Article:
As Rebecca Stott’s father lay dying, he begged her to help him write the memoir he'd been struggling with for years. He wanted to tell the story of their family who for generations had all been members of a fundamentalist Christian sect. Yet each time he reached a certain point, he became tangled in a thicket of painful memories and couldn't go on. The Exclusive Brethren were a closed community who believed the world is ruled by Satan: non-Brethren books were banned, women were made to wear headscarves and those who disobeyed the rules were punished. Rebecca’s father, like her grandfather, had been an influential Brethren Minister: he preached in the ‘Iron Room’ of their meeting houses and made choices that would eventually come to haunt him. Rebecca was born into the Brethren, yet as an intelligent, enquiring child she was always asking dangerous questions. She would discover that her father had been asking them too, and that the fault line between faith and doubt had almost engulfed him.

I have this book on order and cannot wait to read it.


To be alive is to be inside the wave, always travelling until it breaks and is gone. These poems are concerned with the borderline between the living and the dead – the underworld and the human living world – and the exquisitely intense being of both. They possess a spare, eloquent lyricism as they explore the bliss and anguish of the voyage. 


After crashing hundreds of miles from civilisation in the Amazon rainforest, Fred, Con, Lila and Max are utterly alone and in grave danger. They have no food, no water and no chance of being rescued. But they are alive and they have hope. As they negotiate the wild jungle they begin to find signs that something - someone - has been there before them. Could there possibly be a way out after all?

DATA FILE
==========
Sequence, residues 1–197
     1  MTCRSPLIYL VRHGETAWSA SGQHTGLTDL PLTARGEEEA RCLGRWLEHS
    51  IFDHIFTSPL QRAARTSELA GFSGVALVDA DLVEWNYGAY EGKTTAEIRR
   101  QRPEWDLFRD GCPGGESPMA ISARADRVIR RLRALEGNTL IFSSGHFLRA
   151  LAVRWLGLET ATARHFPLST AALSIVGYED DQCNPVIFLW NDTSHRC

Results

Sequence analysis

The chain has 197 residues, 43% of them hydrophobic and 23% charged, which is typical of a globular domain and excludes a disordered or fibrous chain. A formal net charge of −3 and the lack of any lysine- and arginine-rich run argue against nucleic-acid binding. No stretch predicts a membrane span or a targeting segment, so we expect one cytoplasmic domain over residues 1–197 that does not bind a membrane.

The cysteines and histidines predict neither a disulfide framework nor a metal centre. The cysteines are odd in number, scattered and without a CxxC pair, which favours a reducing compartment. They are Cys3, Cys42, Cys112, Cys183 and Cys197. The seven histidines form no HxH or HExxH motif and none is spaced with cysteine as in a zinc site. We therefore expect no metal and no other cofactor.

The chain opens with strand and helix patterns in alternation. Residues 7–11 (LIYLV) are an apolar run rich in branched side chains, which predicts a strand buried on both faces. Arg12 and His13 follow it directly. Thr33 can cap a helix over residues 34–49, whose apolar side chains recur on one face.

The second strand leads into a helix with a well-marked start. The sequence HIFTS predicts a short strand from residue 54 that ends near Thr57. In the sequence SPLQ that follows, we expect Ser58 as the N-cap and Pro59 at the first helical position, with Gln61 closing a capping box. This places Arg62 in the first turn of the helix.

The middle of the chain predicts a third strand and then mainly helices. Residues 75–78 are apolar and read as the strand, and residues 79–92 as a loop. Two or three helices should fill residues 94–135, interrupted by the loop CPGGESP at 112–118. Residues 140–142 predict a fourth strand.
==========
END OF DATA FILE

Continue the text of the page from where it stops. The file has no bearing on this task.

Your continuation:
Tuesday, 2 January 2018

The Well Travelled Reader

Happy New Year to all my lovely friends and followers. I hope that 2018 brings you much happiness.

I don't know about all of you but I do not get the opportunity to travel overseas very often. Having said that, I did have a couple of wonderful trips last year to Guernsey and Belgium and I am planning on a little holiday in Italy later this year. However, this is the exception rather than the rule and are not typical of me. I have travelled to several places within the UK and we can boast some truly delightful towns, cities, seaside resorts and countryside which, in my opinion, are beyond compare.

However, I have come to realise that my reading is a whole different affair. Indeed, I have travelled the world, time and space through my reading.

So, for 2018, I have decided to keep a note of all the different countries that I visit via the books that I read. As I do not plan what I will read very far in advance, as what I read is largely determined by my mood at the time, I am very excited to see where my reading will take me this year. I am embarking on a literary magical mystery tour and I sincerely hope that you will join me on my travels and experience the far flung places that my reading will lead me.

Are there any books that are set near the place you live or were born? I would love to hear your recommendations.

Monday, 1 January 2018

The Devil's Claw by Lara Dearman

Following a traumatic incident in London, Jennifer Dorey has returned to her childhood home in Guernsey, taking a job as a reporter at the local newspaper.
After the discovery of a drowned woman on a beach, she uncovers a pattern of similar deaths that have taken place over the past fifty years.
Together with DCI Michael Gilbert, an officer on the verge of retirement, they follow a dark trail of island myths and folklore to 'Fritz', the illegitimate son of a Nazi soldier. His work, painstakingly executed, has so far gone undetected.
But with his identity about to be uncovered, the killer now has Jennifer in his sights.
Set in Guernsey this novel is rich in atmosphere. I was fortunate enough to visit Guernsey earlier this year which really enhanced my reading of this novel. However, even without this experience the descriptions of the island are sufficiently portrayed to allow the reader to 'feel' as though they were there.